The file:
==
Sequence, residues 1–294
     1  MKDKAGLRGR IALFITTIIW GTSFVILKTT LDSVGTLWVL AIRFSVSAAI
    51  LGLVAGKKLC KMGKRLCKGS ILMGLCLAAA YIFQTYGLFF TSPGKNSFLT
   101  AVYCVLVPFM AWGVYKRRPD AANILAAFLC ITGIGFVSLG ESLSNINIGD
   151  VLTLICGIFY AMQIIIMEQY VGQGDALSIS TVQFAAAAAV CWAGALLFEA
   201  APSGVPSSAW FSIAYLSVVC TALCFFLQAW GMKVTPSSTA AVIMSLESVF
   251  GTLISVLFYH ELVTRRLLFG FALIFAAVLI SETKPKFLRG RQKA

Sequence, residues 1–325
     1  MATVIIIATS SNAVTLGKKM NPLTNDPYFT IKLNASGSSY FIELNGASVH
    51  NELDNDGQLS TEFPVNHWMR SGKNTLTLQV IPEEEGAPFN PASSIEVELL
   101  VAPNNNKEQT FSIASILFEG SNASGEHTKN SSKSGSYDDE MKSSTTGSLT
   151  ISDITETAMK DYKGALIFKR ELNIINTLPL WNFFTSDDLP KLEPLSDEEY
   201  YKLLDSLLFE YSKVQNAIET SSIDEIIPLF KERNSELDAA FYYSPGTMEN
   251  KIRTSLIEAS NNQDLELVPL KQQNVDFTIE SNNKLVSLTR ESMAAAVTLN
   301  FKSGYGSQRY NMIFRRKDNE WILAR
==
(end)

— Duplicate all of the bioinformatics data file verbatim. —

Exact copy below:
Sequence, residues 1–294
     1  MKDKAGLRGR IALFITTIIW GTSFVILKTT LDSVGTLWVL AIRFSVSAAI
    51  LGLVAGKKLC KMGKRLCKGS ILMGLCLAAA YIFQTYGLFF TSPGKNSFLT
   101  AVYCVLVPFM AWGVYKRRPD AANILAAFLC ITGIGFVSLG ESLSNINIGD
   151  VLTLICGIFY AMQIIIMEQY VGQGDALSIS TVQFAAAAAV CWAGALLFEA
   201  APSGVPSSAW FSIAYLSVVC TALCFFLQAW GMKVTPSSTA AVIMSLESVF
   251  GTLISVLFYH ELVTRRLLFG FALIFAAVLI SETKPKFLRG RQKA

Sequence, residues 1–325
     1  MATVIIIATS SNAVTLGKKM NPLTNDPYFT IKLNASGSSY FIELNGASVH
    51  NELDNDGQLS TEFPVNHWMR SGKNTLTLQV IPEEEGAPFN PASSIEVELL
   101  VAPNNNKEQT FSIASILFEG SNASGEHTKN SSKSGSYDDE MKSSTTGSLT
   151  ISDITETAMK DYKGALIFKR ELNIINTLPL WNFFTSDDLP KLEPLSDEEY
   201  YKLLDSLLFE YSKVQNAIET SSIDEIIPLF KERNSELDAA FYYSPGTMEN
   251  KIRTSLIEAS NNQDLELVPL KQQNVDFTIE SNNKLVSLTR ESMAAAVTLN
   301  FKSGYGSQRY NMIFRRKDNE WILAR